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Over the last year or so, many consumers traded down to discounters like Wal-Mart Stores (NYSE: WMT ) as credit tightened and unemployment rose. Financial results from high-end retailers such as Saks (NYSE: SKS ) , Nordstrom, and Abercrombie & Fitch (NYSE: ANF ) have been nothing but ugly, as consumers looked for deals and shunned expensive merchandise. But while the death of luxury seemed imminent not too long ago, the market for big-ticket goods now faces a more uncertain outlook.
According to a Wall Street Journal article today, consultancy Bain & Co. said that luxury-goods sales were expected to drop by 8% worldwide this year. The consulting firm doesn't expect a full recovery of the luxury-goods market until 2011 or 2012. But the firm did note that companies aren't being forced to discount their luxury products quite so deeply, suggesting that some shoppers are willing to pay full price again.
On the other hand, researcher Unity Marketing asserted that spending on luxury goods in the third quarter surged by 29% among high-income consumers, according to a Bloomberg report. The news service also cited a MasterCard (NYSE: MA ) report indicating that luxury sales increased 3.4% in September, which would mark their first such gain since August 2008.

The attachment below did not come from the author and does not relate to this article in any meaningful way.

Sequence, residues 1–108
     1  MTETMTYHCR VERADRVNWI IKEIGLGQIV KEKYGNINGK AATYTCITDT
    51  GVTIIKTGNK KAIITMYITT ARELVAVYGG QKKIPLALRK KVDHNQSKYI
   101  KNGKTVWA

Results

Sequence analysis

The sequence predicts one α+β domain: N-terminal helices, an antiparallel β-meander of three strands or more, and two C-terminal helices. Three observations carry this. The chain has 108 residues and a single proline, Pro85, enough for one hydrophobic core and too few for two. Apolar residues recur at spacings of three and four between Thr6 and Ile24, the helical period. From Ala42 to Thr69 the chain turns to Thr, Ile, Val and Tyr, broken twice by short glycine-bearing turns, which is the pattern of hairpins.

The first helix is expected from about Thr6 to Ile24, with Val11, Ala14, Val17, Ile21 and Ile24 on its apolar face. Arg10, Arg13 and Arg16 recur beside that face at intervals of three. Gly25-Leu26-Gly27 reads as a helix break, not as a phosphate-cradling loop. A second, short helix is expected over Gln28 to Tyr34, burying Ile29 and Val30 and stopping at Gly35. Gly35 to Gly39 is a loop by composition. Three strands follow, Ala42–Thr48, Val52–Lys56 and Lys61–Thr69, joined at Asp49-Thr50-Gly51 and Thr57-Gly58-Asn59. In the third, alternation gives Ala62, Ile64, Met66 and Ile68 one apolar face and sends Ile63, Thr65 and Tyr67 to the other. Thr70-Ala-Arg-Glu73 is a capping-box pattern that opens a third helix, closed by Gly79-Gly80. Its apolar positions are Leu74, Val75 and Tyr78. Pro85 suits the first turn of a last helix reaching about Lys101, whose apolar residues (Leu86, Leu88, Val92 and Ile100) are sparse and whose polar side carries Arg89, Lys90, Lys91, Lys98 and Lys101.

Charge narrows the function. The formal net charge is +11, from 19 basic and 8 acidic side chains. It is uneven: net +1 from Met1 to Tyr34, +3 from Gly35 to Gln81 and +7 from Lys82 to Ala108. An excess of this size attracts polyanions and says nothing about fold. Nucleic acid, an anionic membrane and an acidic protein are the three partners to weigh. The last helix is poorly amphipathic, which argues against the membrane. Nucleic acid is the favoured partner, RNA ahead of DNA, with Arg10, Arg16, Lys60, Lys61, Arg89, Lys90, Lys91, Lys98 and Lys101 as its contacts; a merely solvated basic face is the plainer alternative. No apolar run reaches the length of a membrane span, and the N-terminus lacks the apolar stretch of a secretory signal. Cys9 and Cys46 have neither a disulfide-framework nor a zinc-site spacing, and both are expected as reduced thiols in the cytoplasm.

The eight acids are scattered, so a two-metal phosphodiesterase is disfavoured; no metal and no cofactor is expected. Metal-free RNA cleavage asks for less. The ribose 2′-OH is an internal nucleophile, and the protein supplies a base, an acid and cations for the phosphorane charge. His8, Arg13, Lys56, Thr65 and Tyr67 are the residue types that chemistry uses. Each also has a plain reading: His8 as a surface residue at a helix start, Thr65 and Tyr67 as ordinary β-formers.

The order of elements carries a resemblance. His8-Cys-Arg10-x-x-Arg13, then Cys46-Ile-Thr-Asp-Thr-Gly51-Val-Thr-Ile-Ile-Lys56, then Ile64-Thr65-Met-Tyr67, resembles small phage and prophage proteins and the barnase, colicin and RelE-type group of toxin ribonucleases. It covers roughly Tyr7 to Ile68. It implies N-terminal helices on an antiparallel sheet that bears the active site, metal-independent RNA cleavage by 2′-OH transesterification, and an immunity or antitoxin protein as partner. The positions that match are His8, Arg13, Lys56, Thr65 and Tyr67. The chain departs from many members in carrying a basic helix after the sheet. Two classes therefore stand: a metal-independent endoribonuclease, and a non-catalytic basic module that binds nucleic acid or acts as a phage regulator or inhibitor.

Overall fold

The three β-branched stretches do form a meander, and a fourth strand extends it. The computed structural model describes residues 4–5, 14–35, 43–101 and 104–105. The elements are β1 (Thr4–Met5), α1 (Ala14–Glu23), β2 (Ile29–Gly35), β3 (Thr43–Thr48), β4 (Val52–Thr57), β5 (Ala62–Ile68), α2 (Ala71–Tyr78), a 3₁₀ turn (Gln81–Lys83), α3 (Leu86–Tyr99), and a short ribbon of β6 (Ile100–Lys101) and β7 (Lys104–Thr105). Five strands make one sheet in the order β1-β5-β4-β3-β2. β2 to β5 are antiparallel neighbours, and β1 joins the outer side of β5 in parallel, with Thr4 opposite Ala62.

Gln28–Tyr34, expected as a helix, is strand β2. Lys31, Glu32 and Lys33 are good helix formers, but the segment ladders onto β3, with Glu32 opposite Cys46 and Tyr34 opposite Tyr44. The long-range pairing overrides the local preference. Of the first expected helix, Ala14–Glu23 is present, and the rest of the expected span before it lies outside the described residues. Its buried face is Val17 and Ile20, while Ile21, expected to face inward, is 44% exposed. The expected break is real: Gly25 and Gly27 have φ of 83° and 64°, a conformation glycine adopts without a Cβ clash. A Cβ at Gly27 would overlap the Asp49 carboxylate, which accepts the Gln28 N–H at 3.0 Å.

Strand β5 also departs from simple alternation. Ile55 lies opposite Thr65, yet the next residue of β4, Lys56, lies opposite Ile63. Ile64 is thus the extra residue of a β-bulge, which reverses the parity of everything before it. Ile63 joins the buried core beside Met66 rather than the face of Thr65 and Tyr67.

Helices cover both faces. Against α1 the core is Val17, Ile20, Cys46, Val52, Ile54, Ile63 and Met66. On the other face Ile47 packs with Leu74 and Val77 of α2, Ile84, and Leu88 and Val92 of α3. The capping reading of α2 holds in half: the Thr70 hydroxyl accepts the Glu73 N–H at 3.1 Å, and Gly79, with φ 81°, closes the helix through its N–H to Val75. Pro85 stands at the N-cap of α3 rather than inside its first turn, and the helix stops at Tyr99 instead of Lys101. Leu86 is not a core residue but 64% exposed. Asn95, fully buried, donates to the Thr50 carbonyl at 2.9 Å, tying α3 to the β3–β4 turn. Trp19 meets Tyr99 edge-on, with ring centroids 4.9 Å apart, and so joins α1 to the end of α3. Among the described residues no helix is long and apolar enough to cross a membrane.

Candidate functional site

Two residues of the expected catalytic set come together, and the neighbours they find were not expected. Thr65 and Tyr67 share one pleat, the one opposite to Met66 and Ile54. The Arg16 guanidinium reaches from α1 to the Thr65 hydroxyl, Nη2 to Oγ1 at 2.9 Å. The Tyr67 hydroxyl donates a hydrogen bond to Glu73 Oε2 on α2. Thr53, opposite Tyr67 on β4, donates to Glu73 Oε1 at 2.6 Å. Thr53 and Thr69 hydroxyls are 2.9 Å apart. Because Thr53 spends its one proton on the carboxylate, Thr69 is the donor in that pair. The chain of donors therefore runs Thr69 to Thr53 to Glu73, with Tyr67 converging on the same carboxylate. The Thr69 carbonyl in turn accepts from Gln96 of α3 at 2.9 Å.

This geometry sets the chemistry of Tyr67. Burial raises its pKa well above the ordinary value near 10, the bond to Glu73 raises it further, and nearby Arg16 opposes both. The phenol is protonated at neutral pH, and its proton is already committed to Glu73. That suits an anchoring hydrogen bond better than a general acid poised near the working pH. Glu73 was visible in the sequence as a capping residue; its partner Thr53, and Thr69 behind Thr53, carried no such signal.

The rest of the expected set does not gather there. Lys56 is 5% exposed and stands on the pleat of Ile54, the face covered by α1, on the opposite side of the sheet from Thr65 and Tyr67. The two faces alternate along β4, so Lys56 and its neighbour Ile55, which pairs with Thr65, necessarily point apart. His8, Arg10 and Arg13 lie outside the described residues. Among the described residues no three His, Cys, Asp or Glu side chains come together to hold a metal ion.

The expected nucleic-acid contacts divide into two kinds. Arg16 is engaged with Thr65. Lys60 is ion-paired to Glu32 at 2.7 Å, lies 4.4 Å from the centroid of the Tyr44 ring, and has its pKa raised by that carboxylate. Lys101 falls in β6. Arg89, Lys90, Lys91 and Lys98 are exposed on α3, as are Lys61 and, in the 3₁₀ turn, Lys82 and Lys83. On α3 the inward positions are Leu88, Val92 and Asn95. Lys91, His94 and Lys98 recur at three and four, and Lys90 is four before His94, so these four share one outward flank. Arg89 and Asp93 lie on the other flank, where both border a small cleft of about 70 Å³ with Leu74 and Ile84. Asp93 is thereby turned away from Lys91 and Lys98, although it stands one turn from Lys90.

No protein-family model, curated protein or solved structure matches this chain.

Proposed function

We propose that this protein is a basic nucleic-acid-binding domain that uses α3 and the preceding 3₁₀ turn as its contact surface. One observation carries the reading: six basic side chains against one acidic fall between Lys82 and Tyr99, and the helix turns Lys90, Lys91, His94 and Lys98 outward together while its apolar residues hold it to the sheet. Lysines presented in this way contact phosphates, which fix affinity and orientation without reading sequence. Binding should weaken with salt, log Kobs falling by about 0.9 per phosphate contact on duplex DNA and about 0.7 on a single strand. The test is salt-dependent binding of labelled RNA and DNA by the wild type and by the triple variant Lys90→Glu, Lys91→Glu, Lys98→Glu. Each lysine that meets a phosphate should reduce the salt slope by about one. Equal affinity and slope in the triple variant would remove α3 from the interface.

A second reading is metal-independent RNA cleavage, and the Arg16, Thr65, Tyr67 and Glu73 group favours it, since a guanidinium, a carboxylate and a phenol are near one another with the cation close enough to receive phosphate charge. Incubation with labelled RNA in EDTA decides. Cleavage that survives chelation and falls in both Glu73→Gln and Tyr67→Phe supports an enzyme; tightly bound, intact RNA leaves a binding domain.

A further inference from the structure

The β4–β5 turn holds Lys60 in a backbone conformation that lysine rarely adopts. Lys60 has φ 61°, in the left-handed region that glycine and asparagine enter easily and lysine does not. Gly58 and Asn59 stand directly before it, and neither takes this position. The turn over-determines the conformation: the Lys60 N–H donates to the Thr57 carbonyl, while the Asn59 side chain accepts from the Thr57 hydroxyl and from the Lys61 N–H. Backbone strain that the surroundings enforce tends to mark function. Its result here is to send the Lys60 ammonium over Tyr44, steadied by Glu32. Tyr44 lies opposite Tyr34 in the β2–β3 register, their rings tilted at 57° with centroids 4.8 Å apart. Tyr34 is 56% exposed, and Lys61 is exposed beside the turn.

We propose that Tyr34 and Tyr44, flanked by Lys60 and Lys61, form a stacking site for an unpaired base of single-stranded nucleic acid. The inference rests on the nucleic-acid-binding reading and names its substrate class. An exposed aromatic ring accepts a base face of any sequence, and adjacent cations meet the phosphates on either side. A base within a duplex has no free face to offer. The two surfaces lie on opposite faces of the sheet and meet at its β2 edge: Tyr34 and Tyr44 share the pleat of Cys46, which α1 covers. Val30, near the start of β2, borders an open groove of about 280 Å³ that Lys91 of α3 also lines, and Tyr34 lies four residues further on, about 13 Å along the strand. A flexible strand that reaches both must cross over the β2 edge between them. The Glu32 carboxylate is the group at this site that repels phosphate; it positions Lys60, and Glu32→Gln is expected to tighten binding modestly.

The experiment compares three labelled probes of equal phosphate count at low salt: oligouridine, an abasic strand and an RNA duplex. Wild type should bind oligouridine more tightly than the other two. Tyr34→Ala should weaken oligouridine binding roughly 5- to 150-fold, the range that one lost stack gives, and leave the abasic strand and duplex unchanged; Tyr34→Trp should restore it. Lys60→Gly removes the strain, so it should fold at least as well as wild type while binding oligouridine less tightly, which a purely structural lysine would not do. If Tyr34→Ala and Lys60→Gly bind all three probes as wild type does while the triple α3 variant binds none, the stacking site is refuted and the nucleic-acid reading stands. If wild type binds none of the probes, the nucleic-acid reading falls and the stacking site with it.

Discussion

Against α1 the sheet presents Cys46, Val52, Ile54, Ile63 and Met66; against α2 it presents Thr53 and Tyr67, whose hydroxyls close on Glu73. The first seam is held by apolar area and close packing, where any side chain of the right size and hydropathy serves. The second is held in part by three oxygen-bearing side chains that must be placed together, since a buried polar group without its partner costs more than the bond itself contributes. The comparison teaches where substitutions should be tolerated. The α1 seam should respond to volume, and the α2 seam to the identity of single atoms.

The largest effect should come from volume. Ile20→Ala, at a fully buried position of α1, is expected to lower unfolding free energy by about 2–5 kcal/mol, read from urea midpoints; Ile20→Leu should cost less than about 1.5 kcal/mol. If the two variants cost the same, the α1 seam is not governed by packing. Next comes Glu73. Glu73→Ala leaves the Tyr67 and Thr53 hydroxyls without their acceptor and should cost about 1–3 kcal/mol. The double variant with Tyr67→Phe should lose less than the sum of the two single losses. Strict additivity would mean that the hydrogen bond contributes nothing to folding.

Don't get too excited, Fools. Rather than portending a full-fledged recovery in the luxury market, this uptick could simply represent a surge of pent-up demand among customers weary of pinching their pennies.
Still, these signs of life may spell good things to come for companies with venerated luxury brands, such as Tiffany (NYSE: TIF ) and Coach (NYSE: COH ) . An unleashed lust for luxury could also help retailers like Costco (Nasdaq: COST ) , which often offers a handful of high-class items at deeply discounted prices.
Whether these surveys bode well or ill, investors should remain choosy about luxury-goods stocks. Despite September's signs of increasing consumer confidence, real issues such as high unemployment and overly indebted households still plague our economy. Consumers may treat themselves to an occasional high-end item here and there, but the era of conspicuous consumption is probably over for now.
What do you think? Will the luxury-goods market's malaise linger? Or are consumers getting ready to binge on luxury once again? Leave your comments in the boxes below.